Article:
Cailín Álainn

The first thing Lisa asked when she saw the ocean was whether he had a blanket in the trunk of his car.

‘No,’ Chris said. ‘I’ve never needed one.’

‘Then you should go to the beach more often,’ she said. ‘Jesus, if I lived in this country, I’d be down all the time. Here, pull over.’

He pulled the car off the main road and up into one of the sandy parking bays that was marked out with faded lines. The tyres crunched over the sand as he came to a stop and it was still early morning; he could feel the warning presence of the sun on his forearm resting on the open window, promising the day would be hot. Before he’d even turned the ignition off she was unbuckling her seat belt and opening the door.

‘Come on, then,’ she said. ‘We’re going for a swim.’

She was down on the shore as he was still locking the car. She pushed one shoe off with the toe of the other before steadying herself with her hand and removing the second, setting them high and neat on an outcropping of rock. She looked around only briefly before slipping the straps of last night’s dress down over her shoulders and stepping out of it in her underwear.

Chris watched her as she waited for him. Her body was slim and pretty, her blonde hair was light and she unselfconsciously tucked a wayward strand behind her ear. With the summer, her skin had tanned to a light, dusky brown.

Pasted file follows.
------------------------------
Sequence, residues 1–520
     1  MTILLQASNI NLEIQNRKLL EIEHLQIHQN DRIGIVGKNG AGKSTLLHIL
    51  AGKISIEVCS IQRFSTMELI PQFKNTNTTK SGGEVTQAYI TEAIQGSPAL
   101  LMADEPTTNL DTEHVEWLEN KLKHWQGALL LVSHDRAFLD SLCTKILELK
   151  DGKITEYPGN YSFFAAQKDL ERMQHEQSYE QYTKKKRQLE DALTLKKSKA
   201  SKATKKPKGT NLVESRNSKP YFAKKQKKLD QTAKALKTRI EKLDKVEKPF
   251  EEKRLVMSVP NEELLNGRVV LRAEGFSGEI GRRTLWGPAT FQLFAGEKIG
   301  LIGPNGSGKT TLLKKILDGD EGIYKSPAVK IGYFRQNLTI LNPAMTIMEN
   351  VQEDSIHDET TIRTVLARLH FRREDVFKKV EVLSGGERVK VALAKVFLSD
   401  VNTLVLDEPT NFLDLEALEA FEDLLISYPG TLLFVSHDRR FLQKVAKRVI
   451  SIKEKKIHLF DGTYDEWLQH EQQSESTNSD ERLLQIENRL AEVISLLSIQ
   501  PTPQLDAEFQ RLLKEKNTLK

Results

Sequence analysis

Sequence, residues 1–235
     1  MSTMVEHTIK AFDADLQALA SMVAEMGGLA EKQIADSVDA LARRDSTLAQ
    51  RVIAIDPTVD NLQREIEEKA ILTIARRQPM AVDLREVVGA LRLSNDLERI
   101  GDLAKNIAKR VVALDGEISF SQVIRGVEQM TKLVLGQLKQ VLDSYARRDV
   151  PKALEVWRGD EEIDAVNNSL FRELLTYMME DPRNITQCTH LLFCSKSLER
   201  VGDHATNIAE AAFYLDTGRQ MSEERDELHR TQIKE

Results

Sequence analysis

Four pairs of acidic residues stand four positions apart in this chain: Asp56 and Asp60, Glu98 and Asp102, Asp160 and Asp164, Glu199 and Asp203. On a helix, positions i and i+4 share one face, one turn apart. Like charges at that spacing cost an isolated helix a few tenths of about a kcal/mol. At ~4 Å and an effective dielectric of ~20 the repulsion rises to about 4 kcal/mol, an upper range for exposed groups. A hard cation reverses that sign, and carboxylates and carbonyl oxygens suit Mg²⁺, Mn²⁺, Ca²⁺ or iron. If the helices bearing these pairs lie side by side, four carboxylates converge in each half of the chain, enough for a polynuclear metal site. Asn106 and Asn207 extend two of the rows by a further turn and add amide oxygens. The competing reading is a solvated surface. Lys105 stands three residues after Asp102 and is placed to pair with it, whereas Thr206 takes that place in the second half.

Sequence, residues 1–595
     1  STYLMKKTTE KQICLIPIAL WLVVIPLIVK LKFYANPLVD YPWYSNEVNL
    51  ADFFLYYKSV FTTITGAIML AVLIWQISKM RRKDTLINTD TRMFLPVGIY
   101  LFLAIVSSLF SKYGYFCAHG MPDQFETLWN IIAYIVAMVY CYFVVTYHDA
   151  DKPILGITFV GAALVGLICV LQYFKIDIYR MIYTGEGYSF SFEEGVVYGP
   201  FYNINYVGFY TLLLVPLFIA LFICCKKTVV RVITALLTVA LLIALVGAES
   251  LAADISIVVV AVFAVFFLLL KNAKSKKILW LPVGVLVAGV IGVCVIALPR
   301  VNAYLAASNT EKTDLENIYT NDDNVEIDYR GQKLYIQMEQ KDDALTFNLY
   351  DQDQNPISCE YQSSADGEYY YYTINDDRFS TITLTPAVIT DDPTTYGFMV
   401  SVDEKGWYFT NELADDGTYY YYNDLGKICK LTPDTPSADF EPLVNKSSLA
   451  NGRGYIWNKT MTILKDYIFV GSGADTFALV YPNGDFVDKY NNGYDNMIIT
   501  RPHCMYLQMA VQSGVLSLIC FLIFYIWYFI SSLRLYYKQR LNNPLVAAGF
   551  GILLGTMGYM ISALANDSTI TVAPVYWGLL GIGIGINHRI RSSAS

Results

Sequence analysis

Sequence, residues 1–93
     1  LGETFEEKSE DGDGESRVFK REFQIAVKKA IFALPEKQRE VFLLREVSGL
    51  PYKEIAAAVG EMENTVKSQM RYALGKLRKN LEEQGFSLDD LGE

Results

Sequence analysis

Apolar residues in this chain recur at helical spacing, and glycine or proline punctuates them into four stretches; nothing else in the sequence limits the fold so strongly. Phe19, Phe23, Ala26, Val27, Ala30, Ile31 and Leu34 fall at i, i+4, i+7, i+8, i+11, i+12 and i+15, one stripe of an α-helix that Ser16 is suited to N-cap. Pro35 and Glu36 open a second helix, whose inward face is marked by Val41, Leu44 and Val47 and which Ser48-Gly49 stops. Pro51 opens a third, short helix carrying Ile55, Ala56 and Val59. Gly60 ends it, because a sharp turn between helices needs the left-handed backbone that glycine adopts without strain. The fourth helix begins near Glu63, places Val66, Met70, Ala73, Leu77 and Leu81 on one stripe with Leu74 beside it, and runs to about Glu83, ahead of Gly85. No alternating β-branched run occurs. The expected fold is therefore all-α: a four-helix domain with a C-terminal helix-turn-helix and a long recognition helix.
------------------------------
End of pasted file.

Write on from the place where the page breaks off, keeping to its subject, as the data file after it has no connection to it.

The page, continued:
‘Hurry up!’ she shouted, smiling. ‘I’m still a little drunk, and you need to watch I don’t drown!’

She took her time walking down to the water, throwing a backwards glance over her shoulder to see Chris strip down to his boxers. When he was done he broke into a chase, his feet pushing out against the sand and she laughed and ran into the surf.

He waded out to meet her, slowed by the pull of the water, and she called something out to him.

‘What?’ he yelled.

‘I said, it’s fecking freezing!’ she yelled back. She stood with the sea reaching up above her midriff; her arms locked around her chest.

‘What did you expect?’ he said, suddenly aware himself as the cold water splashed up and over his waist, turning his boxers from light to dark blue.

She saw the look on his face and clapped her hands over her mouth to muffle another laugh.

‘Told you so,’ she said, as he finally caught her. And then she moved quickly to shove him in the chest. Unbalanced and unexpecting, Chris fell back, throwing a hand out automatically to catch her slender, damp wrist, pulling her down too.

The sea wrapped around him, a cold, sharp shock that embraced him in an instant. She tumbled down on top of him, a weight that was at once welcome and obtrusive as her hip caught him in the middle of his thigh.

He broke back up through the spray and blinked rapidly, running the back of his hand across his eyes so he could see. She took longer than he did to regain her feet, spitting salt and pulling her wet hair back. The water was better for both of them now, the sun drying the foam on their skin.

‘Well,’ she said. ‘At least it tastes better than the fecking Atlantic.’

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Simon Smithson

Simon Smithson is an Australian writer who dreams of escaping from this prison continent. He writes both fiction and non-fiction, in print and online. He loves the Oxford Comma, or ‘list comma’ as it is sometimes known in less formal circles. He loves it like he loves TV, books, and the internet. He is currently enjoying writing for

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